Electric Vehicles

Hawaii utilities unveil transportation electrification plan

Converting Hawaii’s transportation sector to electricity could facilitate increased renewables in the state while lowering overall costs, according to a “roadmap” drafted by the Hawaiian Electric Companies.

By 2045, most vehicles in Hawaii will be electric and the state will be powered by a clean energy ecosystem, according to the roadmap, released March 29. “Little is wasted because ground transportation and energy use are linked to optimize daytime charging and to use [electric vehicles] as a key grid service resource,” the roadmap said.

By taking early action, Hawaii will be ready when the price of electric vehicles drops to the same level as internal- combustion vehicles, which is expected by 2025, according to the roadmap. “By planning now for this fundamental shift in consumer preferences, we can ensure the efficient sequencing of upgrades to the grid, influence consumer behavior and avoid a chaotic outcome that is costly to fix retroactively and could potentially slow the state’s march toward energy independence,” said Hawaiian Electric Companies, which includes Hawaiian Electric, Maui Electric and Hawaii Electric Light.

An aggressive move towards adding EVs will help Hawaii meet its goal of getting all its electricity from renewable resources by 2045, according to the utilities.

The Hawaiian Electric Companies developed the plan at the direction of the Hawaii Public Utilities Commission.

The multi-prong electrification plan calls for spurring EV adoption by working with automakers, dealerships and advocates to lower the price of EVs and educating customers on vehicle options and benefits.

The utilities intend to work with third-party charging providers and others to facilitate the buildout of charging infrastructure, especially in workplaces and multi-unit dwellings. The plan calls for expanding the network of utility-owned fast-chargers and public 240-kilovolt Level 2 chargers to reduce “range anxiety” among drivers who fear they will be stranded without a way to charge their cars.

The utilities said they aim to support a transition to electric buses, with an emphasis on cutting the upfront costs and providing charging options. After targeting buses, electrification efforts can move to trucks and other heavy equipment, the utilities said.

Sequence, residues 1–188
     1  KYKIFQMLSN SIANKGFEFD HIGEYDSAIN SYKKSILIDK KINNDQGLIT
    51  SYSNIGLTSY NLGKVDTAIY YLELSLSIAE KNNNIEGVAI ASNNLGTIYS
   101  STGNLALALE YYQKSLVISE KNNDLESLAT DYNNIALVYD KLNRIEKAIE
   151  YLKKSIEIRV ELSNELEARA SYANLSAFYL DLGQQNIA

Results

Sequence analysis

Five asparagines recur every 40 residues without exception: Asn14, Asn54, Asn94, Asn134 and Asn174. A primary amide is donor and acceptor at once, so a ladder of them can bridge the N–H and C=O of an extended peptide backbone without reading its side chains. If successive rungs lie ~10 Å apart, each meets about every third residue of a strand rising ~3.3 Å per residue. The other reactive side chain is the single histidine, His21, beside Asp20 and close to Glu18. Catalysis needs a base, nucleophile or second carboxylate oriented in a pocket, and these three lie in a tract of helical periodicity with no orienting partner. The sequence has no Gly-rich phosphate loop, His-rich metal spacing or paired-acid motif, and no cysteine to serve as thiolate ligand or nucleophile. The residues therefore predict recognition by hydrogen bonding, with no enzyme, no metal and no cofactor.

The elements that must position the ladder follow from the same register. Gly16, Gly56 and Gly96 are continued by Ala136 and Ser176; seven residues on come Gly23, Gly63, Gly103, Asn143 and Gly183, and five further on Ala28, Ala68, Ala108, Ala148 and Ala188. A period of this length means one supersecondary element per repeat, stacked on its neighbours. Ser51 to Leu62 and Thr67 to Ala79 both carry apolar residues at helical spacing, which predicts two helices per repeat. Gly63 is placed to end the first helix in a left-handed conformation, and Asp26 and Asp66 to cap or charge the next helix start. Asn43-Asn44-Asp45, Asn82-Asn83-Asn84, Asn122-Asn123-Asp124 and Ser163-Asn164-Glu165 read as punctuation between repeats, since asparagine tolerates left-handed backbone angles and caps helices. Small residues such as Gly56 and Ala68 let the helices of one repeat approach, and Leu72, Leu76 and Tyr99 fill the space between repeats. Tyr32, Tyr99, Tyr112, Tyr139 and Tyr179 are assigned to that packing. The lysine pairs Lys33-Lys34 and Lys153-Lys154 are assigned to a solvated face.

A key part of the plan is to provide incentives to encourage charging during the day at off-peak periods when solar production is highest, according to the utilities. Day-time charging could use the production from an additional 200,000 rooftop solar systems that would otherwise be producing excess energy, the roadmap said.

Finally, the utilities called for coordinating the electrification effort with the state’s ongoing grid modernization to make sure EVs are smoothly integrated into electric delivery networks.

The utilities estimate that electrifying the transportation sector would produce $550 in benefits per EV and that the benefits would triple if vehicles were charged during the day. Statewide, the savings could reach $311 million when considering reduce gasoline use and auto maintenance, according to the roadmap.

Also, electrifying the transportation sector will allow the utilities to spread their fixed costs over more kilowatt hours, lowering the unit cost of electricity, according to the roadmap. “This, combined with smart charging, will improve the cost-effective utilization of each island’s grid infrastructure for the benefit of every customer and our state economy as a whole,” the roadmap said.

Hawaii has 7,000 EVs on the road, putting it second behind California in the most electric vehicles per capita in the United States, according to the roadmap. Also, the city and county of Honolulu is testing electric buses to see if they can replace their diesel fleet and other counties are considering similar steps, the utilities said.

Many of the steps outlined in the roadmap have already been put in place by other utilities, mainly in California, according to the roadmap.

In developing the roadmap, the utilities said they talked with stakeholders, transportation and technical experts, policymakers, non-government organizations and customers with and without EVs.

“If this plan works right, EVs can be both a clean, stylish form of transportation and a flexible piece of grid hardware that will make it easier to bring more renewable resources online and lower energy costs for everyone,” the roadmap said.